Esther & Trump, by Robert Case ★★★★★
This book is the result of a series of Sunday School lessons of which I most fortunate to be a participant. I know Robert well, and would consider him a dear friend. (He might not consider me the same after reading my review!) Perhaps the reader may consider my review as heavily biased, but I have attempted to remain as objective as possible, and thus will also include criticisms of the book. Robert is a compelling speaker and writer, leaving one spell-bound when hearing or reading him. This book was a delight to read, and offered fresh perspectives on Esther. True, it is now trendy to offer fresh perspectives on biblical themes, such as the new perspectives on Paul, Genesis, Jesus, or Isaiah, just to name a few. Where I find most of these new perspectives to be dull and unoriginal if not patently heretical, the same is not true of Robert’s “new perspective” on Esther. He offers a perspective of the book of Esther which is not offensive to a mindset that holds Scripture to be the directly inspired word of God.
The first several chapters of the book outline the historical context of Esther, mostly by detailing the lineage of Kings of Persia from the fall of Babylon through to Alexander the Great. The character and historical details of Xerxes is elaborated, which is most important in understanding the book of Esther.
Subsequent chapters offer a textual commentary of the book of Esther. In this section, Robert manages to illuminate aspects of the text which are very clear but completely missed, as we traditionally read the book of Esther with our eyes wide shut. The character of Esther is shown for what it really is—a person without sexual moral principles, and willing to break the laws of the Torah to achieve her own end. She is NOT a role model of virtue. But then, neither is the Jewish community living in Persia, where their sins are also laid bare. With the absence of narrative evaluative judgements as seen in all other Scripture, we miss those details that Robert Case is able to illuminate. Particularly evil was Mordecai in administrating the slaughter of all of the known enemies of the Jews, which is a story that would best be found in the book of Judges, everybody doing what was right in their own eyes. There is good reason why Esther is not portrayed as a model of faith in Hebrews, even though other quite sinful people like Samson and Gideon are mentioned.
Toward the end of the book of Esther & Trump, Robert attempts to make a plea for the political nature of this book. He is correct that it is a book laden with politics, in that the story centers around the King (Xerxes) and his appointed officials (Mordecai and Haman, as well as other unnamed personnel). Referring to the Jews in Persia as “the church”, it is made to seem that Mordecai and Esther serve as representative agents of the church. This unfortunately is an extrapolation of the text rather than an overt claim, as we don’t really have a clue how involved Esther and Mordecai were with the Jewish community. If they were highly involved, then they show the Jewish “church” to be quite wayward. There is too much not mentioned in the book to allow strong conclusions to be made.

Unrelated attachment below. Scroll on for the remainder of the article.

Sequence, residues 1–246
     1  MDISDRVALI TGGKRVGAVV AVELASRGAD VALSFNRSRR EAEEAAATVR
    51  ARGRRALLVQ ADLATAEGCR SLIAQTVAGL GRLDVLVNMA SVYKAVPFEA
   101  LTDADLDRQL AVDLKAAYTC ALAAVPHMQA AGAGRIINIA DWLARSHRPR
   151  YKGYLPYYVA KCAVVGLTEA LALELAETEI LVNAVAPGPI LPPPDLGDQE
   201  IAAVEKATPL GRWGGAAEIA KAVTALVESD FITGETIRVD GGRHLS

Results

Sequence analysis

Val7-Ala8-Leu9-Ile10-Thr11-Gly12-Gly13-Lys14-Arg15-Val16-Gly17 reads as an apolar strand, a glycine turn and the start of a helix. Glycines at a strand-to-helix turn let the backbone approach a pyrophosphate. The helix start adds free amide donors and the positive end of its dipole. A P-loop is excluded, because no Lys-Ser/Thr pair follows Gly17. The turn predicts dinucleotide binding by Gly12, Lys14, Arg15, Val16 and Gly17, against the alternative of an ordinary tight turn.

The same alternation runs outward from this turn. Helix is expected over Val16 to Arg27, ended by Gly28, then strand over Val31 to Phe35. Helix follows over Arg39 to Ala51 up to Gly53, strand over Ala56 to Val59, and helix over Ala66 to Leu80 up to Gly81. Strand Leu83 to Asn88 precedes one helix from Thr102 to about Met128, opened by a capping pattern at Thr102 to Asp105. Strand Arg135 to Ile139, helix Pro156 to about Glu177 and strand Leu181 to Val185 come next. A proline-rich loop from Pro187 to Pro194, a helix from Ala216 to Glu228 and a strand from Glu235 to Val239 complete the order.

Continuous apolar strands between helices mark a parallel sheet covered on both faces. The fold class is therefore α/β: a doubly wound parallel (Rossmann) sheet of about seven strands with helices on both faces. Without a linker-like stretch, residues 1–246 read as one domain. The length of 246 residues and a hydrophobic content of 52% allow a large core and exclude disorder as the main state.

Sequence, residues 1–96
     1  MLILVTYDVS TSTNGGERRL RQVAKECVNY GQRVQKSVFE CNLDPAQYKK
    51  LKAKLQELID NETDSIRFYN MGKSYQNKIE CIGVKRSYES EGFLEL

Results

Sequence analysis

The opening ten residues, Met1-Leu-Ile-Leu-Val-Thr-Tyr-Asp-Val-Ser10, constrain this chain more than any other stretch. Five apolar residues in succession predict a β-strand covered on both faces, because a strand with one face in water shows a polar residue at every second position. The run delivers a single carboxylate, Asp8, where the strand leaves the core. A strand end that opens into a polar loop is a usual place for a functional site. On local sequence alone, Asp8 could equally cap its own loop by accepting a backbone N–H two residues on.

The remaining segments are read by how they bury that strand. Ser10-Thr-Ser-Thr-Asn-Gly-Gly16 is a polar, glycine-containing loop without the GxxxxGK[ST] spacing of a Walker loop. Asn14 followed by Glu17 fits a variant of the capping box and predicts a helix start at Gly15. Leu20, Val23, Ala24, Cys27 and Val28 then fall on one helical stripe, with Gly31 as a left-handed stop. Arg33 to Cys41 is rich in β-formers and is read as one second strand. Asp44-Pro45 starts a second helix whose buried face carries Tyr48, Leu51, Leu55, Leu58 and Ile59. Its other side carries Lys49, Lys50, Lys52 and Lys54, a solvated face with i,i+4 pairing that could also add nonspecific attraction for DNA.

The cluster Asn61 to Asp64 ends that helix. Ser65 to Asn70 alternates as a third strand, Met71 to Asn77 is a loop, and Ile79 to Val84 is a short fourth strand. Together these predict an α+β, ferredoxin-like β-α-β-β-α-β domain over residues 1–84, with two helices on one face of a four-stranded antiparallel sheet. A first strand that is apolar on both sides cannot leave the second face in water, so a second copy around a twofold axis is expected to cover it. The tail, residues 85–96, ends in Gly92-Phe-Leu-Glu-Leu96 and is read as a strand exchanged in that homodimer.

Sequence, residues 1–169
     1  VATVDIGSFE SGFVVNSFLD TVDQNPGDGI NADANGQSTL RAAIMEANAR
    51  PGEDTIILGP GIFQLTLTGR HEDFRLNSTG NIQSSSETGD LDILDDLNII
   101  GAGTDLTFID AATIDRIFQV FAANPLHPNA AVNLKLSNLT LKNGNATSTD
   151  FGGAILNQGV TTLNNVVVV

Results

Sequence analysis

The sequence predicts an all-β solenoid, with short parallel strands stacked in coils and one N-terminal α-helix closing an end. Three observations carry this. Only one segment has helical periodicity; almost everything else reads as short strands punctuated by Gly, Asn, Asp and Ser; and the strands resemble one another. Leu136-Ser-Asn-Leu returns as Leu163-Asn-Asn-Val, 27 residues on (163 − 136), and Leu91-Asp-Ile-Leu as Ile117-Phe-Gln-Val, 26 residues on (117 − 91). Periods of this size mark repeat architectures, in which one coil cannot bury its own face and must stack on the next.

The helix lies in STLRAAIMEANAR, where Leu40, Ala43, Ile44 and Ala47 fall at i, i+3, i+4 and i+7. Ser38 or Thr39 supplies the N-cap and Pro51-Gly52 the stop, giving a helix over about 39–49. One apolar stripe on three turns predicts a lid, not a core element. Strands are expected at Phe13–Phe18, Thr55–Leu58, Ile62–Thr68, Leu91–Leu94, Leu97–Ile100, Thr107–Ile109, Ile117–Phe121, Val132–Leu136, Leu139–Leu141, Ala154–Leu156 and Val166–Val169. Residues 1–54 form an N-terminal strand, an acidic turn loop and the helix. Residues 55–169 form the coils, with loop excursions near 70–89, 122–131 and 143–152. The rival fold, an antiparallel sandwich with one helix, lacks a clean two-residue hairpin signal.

Perhaps Esther really is included as a part of the canon of Scripture as a lesson in politics, as Robert claims. Yet, it is troubling that the absence of evaluative judgements leave the reader puzzled as to what amounts to proper interactions of the church and state, rather than to simply have the church infiltrating the state government. Perhaps brought to mind by me is another book I have read in the distant past, the Politics of Jesus, by John Howard Yoder. In the Politics of Jesus, Yoder effectually demonstrates the strong political nature of Jesus and his teachings. With the aspect of pacifism aside (which Yoder does a very poor job defending), there is a strong reason why even the teachings of Jesus offer the Christian or Jew a reason to interact if not participate in a political fashion with the state. Certainly, Case makes a good case from Esther for Christian involvement with state functions.
The book has problems. There are many typographical errors, way too many sidebar distractions, and arguments on the political nature of the book of Esther which I think could have been better developed. Most distracting though was the title of the book. The book title is misfit, in that Trump is barely spoken of, except in passing toward the very end of the book. Are we to think of Trump as a form of Xerxes? If so, why was Obama not chosen as a far better choice, or Bush, or Clinton, all of which in many ways share more of Xerxes’ characteristics than Trump? If God was obscure in the Esther text, well, so is Trump, and I fail to see a connection between Trump and the politics of Persia. For such a seminal and needed text on Esther, this commentary truly deserves a more fitting title.
In spite of problems, Esther & Trump still deserves a five star rating. There is great scholarship, brilliance in thinking, and illumination of the text in a way that is perfectly clear once one opens their eyes to what is plainly in the text. Case provides some hints as to why Esther was included in the canon of Scripture. To that end, I highly recommend Biblical scholars to give this book a fair reading.